Say thank you to the people who have helped you during your time with the business (sounds small but it’s one of the most lasting and powerful things people do)
Stay in regular contact with the business you are moving to (try and go to meet them at least once during your notice)
Get excited for your new challenge!
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Your CV is a Sales Pitch – The Goal is to get an Interview
Your CV is the first and most important tool to ensure you secure an interview. Like it or not, it’s a sales pitch to a prospective employer. It must sell you in an attractive and professional manner.
Content for your CV
Section 1 - Personal details
Section 2 - Education
Start with your most recent first, even if you're only part-qualified. Stipulate when you intend to take your next stage of exams. In addition:
- GCSEs - detail your grades (not subjects).
- A-Levels - detail of subjects and specific grades (otherwise the reader will assume your grades were poor).
- Add in T Levels, BTEC and HND, if appropriate.
- Degree - detail classification of degree, where you studied and the course.
Section 3 - Experience
For all the different businesses you have worked for - ensure that there is a description of what the company does, its size, and who it competes with. Do not assume that the reader knows. In addition:
- Separate out different jobs within the same business - this shows progression, which is evidence that you were rated highly.
- Your past 2 jobs or last 5 years of experience to be constructed as follows:
- 3 or 4 Bullets on your MAIN RESPONSIBILITIES
- 3 or 4 Bullets on your AD-HOC PROJECT TYPE WORK - i.e the non day to day stuff!
- 4 or 5 Bullets on your KEY ACHIEVEMENTS - the experience that is unique to you - where you have had a positive impact on the performance of the business, your team etc
- Write your experience section in bullet points NOT prose - it is your responsibility to make your CV easy on the eye (i.e lots of white space) and easy for the reader/interviewer to pick out the most relevant parts.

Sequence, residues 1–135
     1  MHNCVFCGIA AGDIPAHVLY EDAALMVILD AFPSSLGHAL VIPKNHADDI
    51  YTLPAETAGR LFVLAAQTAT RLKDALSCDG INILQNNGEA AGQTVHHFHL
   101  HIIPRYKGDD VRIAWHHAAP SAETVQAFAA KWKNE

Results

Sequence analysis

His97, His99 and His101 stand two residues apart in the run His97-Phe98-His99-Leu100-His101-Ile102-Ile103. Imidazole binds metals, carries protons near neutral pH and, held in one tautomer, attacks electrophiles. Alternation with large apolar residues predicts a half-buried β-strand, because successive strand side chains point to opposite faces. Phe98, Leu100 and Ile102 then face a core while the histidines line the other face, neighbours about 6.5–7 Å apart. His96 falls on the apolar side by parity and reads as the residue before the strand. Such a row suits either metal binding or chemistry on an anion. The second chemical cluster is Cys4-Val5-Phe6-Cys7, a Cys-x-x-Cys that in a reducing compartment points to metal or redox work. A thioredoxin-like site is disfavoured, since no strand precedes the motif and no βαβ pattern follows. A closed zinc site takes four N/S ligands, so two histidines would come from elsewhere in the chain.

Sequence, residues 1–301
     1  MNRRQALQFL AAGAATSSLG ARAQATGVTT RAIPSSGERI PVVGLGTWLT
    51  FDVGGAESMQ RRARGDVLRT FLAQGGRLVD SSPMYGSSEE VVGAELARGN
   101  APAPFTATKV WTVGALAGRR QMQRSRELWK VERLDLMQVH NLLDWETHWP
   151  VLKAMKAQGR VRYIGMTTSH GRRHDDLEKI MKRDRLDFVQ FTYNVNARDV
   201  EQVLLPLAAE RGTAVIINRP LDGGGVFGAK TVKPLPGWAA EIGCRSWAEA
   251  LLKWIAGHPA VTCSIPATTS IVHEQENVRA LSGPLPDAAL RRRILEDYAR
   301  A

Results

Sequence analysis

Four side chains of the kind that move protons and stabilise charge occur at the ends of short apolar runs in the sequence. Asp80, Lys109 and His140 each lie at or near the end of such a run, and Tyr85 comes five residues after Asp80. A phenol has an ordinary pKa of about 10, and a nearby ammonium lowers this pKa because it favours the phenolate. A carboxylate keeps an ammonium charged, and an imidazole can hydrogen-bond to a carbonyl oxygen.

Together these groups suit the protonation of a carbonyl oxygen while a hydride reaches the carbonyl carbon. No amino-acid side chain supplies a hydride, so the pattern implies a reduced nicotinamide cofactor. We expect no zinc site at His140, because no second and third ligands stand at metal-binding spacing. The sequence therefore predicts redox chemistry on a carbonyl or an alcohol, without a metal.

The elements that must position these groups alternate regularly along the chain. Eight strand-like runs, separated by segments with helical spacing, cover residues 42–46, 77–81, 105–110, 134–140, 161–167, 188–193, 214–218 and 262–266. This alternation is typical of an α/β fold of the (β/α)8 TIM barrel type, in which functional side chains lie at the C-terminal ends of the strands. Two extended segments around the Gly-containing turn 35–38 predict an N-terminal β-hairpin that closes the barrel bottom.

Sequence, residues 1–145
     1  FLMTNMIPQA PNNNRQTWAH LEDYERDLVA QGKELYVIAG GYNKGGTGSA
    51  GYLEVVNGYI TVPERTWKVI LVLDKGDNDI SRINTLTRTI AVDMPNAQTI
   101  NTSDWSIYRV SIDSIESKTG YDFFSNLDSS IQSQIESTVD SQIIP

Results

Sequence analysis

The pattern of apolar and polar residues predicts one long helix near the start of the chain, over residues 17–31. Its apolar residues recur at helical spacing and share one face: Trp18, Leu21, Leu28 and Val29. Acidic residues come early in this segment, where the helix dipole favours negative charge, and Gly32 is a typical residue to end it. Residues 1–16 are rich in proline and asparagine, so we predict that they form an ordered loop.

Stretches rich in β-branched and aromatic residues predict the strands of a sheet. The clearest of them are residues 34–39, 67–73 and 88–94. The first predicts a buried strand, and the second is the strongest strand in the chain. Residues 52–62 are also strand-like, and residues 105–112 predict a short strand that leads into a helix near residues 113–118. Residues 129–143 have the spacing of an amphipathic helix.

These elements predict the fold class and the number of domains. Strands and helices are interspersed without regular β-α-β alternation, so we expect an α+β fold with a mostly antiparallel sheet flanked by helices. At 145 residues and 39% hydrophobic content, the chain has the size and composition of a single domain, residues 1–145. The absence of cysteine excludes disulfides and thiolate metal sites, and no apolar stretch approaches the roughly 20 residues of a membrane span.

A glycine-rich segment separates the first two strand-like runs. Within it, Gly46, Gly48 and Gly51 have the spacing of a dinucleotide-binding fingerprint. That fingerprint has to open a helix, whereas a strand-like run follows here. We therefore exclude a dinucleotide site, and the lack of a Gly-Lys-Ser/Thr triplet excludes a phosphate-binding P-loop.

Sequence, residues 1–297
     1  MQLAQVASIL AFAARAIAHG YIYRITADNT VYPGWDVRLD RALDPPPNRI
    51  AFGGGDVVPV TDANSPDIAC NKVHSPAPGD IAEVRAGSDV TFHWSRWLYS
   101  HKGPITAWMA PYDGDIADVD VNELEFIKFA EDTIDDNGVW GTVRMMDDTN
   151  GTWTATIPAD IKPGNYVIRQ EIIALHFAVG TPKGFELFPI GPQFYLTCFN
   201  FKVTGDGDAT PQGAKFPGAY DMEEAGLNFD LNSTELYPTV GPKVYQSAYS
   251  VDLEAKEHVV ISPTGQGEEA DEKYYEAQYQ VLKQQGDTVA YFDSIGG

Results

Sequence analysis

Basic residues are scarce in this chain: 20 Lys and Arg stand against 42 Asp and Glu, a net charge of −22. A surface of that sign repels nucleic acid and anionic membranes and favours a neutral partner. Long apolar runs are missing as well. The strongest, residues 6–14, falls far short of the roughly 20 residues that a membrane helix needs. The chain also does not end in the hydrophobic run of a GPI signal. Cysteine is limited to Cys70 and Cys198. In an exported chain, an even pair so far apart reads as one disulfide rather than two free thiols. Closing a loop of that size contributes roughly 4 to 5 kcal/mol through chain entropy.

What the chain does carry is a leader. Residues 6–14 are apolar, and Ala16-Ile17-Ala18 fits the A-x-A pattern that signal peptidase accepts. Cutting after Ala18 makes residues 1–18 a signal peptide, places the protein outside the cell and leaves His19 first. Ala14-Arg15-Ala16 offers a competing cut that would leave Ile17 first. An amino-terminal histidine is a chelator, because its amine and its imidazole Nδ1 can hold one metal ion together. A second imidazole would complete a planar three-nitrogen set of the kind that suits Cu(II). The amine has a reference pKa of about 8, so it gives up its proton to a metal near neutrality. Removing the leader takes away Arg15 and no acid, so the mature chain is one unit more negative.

Section 4 - Additional Info
List your computer skills, with specific packages used and your ability on those packages/applications. Add any courses you have attended or any formal training that you have received.
Section 5 - Interests
You have nothing to lose by adding in your interests. If you share something in common, it acts as an ice breaker!
And finally, some additional thoughts:
- Bespoke your CV to every job application - there will be words & phrases in the job you're applying for, that you can use in your CV to better explain your experience for this job.
- Highlight the most relevant aspects of your experience to the job you are applying for - it just ensures the reader doesn't miss something.
Ensure your CV looks professional and is laid out neatly. You will be judged by the standard of this, so ensure it creates a fantastic first impression, with a font size no smaller than 11. Do not use Times New Roman font.
You should be able to say everything necessary on no more than three sides of A4.
Only include information in your CV that can be factually verified. Expressions such as, "a good mixer" or “enthusiastic and outgoing” are best left out, and can be better conveyed face to face in an interview. Use number based facts if you can, ‘I have improved efficiency by 25%’ or ‘I have increased sales ten fold’.
When you meet a Macildowie group consultant you will get individual feedback and support to put together the best CV possible.